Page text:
This is an update further to the first publication in July 2021 of the same name.
The Ontario Court of Appeal recently held that the tort of intrusion upon seclusion cannot be used to recover damages from a "database defendant" if the information being stored is accessed by independent third-party hackers. A database defendant is one who, "for commercial purposes, collected and stored the personal information of others."1
Canadians with any form of online presence are at risk of being the victims of data breaches. This can leave their valuable personal information, such as credit card numbers, social insurance numbers and driver's license numbers, in the hands of unknown hackers. There's no doubt that a third-party hacker with access to that information can cause significant harm.
This decision may be interpreted as being helpful for database defendants, a position in which many Canadian corporations may find themselves, and hurtful to consumer rights; however, the Court makes clear that consumers may still recover damages for data breaches in negligence, contract and under various statutes.2
The Facts and Law
In this case, the appellants were attempting to rely on the tort of intrusion upon seclusion as a part of class action proceedings.3 Hackers gained access to information stored by the respondents, Equifax and related companies, containing social insurance numbers, names, dates of birth, addresses, driver's licence numbers, credit card numbers, email addresses, and passwords of an estimated 20,000 Canadians.4
Intrusion upon seclusion is "an intentional or reckless invasion of the private affairs of another, without lawful justification, in circumstances in which a reasonable person would regard the invasion as highly offensive and causing distress, humiliation or anguish, was actionable without proof of any pecuniary loss."5
Its components were outlined by the court as the following:
- the defendant must have invaded or intruded upon the
plaintiff's private affairs or concerns, without lawful excuse
[the conduct requirement];
- the conduct which constitutes the intrusion or invasion must
have been done intentionally or recklessly [the state of mind
- a reasonable person would regard the invasion of privacy as highly offensive, causing distress, humiliation, or anguish [the consequence requirement].6
In denying the certification of the appellants' class action, the court focused on the state of mind component of intrusion upon seclusion. It acknowledged that the database defendants did not take steps to prevent the unauthorized disclosure of the appellants' personal information, but also emphasized that the database defendants, themselves, did not intentionally interfere with the personal information.7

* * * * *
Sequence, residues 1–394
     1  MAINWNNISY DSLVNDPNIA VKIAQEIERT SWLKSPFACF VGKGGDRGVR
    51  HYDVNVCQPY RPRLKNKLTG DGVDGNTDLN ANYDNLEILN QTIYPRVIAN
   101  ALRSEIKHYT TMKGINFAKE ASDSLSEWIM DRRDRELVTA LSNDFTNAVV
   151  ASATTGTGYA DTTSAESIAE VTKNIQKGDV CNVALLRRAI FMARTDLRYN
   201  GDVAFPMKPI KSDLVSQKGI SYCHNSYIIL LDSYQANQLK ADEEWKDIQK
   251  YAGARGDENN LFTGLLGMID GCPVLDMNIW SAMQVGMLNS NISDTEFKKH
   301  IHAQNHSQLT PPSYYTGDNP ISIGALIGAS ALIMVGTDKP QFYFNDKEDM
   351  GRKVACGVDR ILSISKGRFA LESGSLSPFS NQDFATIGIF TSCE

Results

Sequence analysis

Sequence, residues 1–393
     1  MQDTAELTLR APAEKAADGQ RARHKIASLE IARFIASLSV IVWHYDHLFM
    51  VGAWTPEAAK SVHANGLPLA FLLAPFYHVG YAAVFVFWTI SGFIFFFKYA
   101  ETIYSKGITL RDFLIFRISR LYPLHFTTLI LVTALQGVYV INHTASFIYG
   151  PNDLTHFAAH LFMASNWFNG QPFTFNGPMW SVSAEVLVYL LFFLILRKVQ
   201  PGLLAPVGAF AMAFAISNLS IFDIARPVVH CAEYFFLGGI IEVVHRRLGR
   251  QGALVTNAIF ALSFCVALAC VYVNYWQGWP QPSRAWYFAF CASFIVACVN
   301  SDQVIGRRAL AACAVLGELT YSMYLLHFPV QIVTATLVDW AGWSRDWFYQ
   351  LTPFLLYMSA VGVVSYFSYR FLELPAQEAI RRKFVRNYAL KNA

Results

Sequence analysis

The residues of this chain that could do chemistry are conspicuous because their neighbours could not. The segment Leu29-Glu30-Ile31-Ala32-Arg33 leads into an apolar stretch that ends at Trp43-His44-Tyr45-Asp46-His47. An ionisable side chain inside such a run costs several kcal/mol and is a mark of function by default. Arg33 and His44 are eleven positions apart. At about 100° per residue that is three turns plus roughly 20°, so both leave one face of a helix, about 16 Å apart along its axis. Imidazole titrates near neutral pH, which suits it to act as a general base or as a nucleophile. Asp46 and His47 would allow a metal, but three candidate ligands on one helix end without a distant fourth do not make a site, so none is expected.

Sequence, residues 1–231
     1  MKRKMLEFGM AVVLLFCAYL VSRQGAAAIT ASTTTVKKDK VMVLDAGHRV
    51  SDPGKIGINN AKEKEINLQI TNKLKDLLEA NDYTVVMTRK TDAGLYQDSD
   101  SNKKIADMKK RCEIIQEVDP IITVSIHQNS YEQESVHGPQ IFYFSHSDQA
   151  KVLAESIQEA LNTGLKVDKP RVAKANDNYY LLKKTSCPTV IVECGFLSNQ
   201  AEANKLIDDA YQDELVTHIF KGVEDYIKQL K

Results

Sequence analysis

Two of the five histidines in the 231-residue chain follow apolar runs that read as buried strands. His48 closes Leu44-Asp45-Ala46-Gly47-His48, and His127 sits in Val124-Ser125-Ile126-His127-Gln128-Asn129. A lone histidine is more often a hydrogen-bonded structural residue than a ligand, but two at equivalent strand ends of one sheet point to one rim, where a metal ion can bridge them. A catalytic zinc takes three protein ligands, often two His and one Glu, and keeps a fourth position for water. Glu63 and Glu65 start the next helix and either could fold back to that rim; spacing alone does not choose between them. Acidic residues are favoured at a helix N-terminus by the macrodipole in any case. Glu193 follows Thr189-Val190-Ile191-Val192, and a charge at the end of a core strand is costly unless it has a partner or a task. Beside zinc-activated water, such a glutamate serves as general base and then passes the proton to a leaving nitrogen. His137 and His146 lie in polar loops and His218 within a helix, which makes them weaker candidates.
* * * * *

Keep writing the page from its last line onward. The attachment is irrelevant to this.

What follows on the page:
The court further stated, "Equifax's recklessness as to the consequences of its negligent storage cannot make Equifax liable for the intentional invasion of the plaintiffs' privacy committed by the independent third-party hacker."8 Recklessness, "a subjective state of mind, refers to the realization at the time the prohibited conduct is being done that there is a risk that the conduct will intrude upon the privacy of the plaintiffs, coupled with a determination to nonetheless proceed with that conduct."9
Implications on Privacy Law
The tort of inclusion upon seclusion will now be more difficult to prove against a database defendant; however, consumers still have causes of action as a result of privacy breaches through negligence, contract and under various statutes.10
Each database defendant will have unique data protection needs based on many factors, including the sensitivity of the personal information and the risk of harm to the individual. Accordingly, database defendants must ensure they are compliant with all relevant privacy statutes and cases by seeking legal advice, retaining IT companies, and training staff to develop and implement the necessary safeguards.
- Owsianik v. Equifax Canada Co., 2022 ONCA 813 at para. 2.
- Ibid., at para. 8.
- Owsianik supra note 1 at para. 4.
- Ibid. at paras. 15-16. - As proceedings were still in the certification stage, the court took the factual allegations as true to determine if a proper cause of action was plead.
- Jones v. Tsige, 2012 ONCA 32, 108 O.R. (3d) 241 at paras. 70-71.
- Ibid., at para. 54.
- Ibid., at para. 61.
- Ibid., at para. 60.
- Ibid., at para. 8.
The content of this article is intended to provide a general guide to the subject matter. Specialist advice should be sought about your specific circumstances.